quote:
Original post by Malone1234
Of course, you could just write a mathematical function that takes the speed and angle of the plane as parameters. Specify a value of this function to be a sort of equilibrium (the plane neither ascends nor descends) <-- the function should probably have at least two of these points. If you''re clever you could design the function so that this value is zero, which would be ideal.



Such a function exists, and it is the "CL-alpha" curve, which defines the variation of lift with angle of attack (angle of the wing relative to the wind, NOT relative to the ground). For small angles of attack (less than, say, 10 degress plus or minus), for conventional airplanes, the CL-alpha curves is linear, and looks like this:

CL = CL_0 + dCL/dalpha * alpha

Where CL is the lift coefficient, CL_0 is the lift coefficient at zero angle of attack (it is not zero for wings airfoils that have different curvature on the top than on the bottom, and for finite-span 3-D wings in general), dCL/alpha is the lift curve slope (approximately 0.1 / degree for very long wings, e.g. wings of high aspect ratio, less than 0.1 for stubby wings, and for swept wings), and alpha is the angle of attack in degrees.

It is insufficient to model lift only. Even for purely 2-dimensional flight you need to model drag, and also the pitching moment to deal with the effect of aerodynamics on aircraft rotation.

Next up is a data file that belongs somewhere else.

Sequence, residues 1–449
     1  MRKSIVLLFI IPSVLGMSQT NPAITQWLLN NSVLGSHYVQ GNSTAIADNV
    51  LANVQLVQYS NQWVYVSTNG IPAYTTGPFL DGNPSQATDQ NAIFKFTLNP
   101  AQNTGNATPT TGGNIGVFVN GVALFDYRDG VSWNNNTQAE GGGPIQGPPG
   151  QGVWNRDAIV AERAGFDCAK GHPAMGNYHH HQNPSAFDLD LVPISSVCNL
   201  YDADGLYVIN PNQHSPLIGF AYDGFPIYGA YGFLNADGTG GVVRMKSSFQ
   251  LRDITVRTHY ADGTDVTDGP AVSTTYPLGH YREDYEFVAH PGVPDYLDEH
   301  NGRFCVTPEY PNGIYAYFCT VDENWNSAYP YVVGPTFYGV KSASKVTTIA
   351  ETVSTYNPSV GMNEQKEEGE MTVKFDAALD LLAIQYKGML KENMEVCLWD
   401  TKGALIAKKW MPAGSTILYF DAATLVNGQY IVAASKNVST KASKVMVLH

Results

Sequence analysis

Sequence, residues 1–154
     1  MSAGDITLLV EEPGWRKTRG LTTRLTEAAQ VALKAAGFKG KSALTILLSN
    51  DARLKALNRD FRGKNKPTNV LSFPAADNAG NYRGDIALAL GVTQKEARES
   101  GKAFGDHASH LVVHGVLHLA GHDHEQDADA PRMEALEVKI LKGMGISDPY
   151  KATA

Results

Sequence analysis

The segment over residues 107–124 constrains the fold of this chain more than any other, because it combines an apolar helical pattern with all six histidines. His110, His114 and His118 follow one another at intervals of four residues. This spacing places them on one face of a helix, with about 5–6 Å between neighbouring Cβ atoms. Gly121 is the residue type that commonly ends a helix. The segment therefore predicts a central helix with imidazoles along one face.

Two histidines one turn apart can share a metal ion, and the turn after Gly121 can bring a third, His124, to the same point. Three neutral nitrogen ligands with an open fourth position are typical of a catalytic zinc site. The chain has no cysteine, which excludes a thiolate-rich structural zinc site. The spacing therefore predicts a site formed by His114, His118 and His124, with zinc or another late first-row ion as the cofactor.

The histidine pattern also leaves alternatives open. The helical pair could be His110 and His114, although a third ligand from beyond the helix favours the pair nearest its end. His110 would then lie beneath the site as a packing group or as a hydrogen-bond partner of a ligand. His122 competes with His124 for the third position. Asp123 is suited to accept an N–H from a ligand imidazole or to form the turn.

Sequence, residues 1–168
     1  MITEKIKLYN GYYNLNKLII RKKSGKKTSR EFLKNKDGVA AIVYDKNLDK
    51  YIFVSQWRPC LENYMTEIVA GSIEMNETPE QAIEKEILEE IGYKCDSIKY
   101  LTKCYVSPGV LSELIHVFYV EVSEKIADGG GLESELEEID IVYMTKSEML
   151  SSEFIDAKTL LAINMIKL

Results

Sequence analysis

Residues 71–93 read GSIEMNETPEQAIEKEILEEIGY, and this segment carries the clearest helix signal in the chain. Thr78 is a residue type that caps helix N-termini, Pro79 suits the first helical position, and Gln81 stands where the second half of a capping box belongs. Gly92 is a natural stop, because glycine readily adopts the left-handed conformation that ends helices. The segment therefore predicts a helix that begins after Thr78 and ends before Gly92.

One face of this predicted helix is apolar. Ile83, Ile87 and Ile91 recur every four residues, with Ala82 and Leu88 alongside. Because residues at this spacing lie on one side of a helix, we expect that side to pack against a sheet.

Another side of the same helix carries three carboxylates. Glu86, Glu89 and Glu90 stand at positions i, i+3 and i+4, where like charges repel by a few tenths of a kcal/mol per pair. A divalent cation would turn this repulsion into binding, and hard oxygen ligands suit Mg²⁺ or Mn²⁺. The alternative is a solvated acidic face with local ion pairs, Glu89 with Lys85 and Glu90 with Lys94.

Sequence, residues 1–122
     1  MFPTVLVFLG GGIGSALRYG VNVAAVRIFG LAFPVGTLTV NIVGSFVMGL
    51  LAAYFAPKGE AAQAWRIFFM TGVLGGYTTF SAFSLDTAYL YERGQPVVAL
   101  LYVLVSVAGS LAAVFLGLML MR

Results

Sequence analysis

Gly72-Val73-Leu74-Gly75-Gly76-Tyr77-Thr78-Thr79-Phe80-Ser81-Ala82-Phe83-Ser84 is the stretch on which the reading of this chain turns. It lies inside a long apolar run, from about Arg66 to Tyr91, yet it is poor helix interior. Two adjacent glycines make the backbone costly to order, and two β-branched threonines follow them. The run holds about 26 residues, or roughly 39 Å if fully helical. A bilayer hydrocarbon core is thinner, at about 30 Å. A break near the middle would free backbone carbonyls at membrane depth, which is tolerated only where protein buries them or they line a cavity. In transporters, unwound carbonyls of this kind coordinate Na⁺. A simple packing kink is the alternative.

quote:
Original post by Malone1234
Also, if your plane is ok when you fly straight up, I don''t see why it shouldn''t work at other angles. Any upward-pointing angle should have a positive y component of velocity which would act against gravity.


I think he may be using the propulsion system (propeller, jet engine) thrust to counteract weight in this case, and not wing lift. Which is wrong unless he''s also modeling drag that would act in the same direction as weight for vertical flight. Even without lift, there is a component of thrust in the upward direction that counteracts weight. But it is insufficient to completely balance the weight without lift.


Graham Rhodes
Senior Scientist
Applied Research Associates, Inc.

Share this post


Link to post
Share on other sites
Some useful gamedev.net threads:

http://www.gamedev.net/community/forums/topic.asp?topic_id=131995

http://www.gamedev.net/community/forums/topic.asp?topic_id=124303 - includes more detailed formulas for lift

http://www.gamedev.net/community/forums/topic.asp?topic_id=109341

http://www.gamedev.net/community/forums/topic.asp?topic_id=58187 - discusses drag, and adjustments to the CL-alpha curve due to having a finite length wing

Graham Rhodes
Senior Scientist
Applied Research Associates, Inc.

Share this post


Link to post
Share on other sites
Guest Anonymous Poster
if you want a really lame implementation that still kinda works, take the perpendicular portion of the air velocity with respect to the wing surface and apply a force based on that to the centroid of each wing and control surface. this is really fast to implement/compute and works, but completely ignores aerodynamics

james

Share this post


Link to post
Share on other sites

  • Advertisement
×

Important Information

By using GameDev.net, you agree to our community Guidelines, Terms of Use, and Privacy Policy.

Participate in the game development conversation and more when you create an account on GameDev.net!

Sign me up!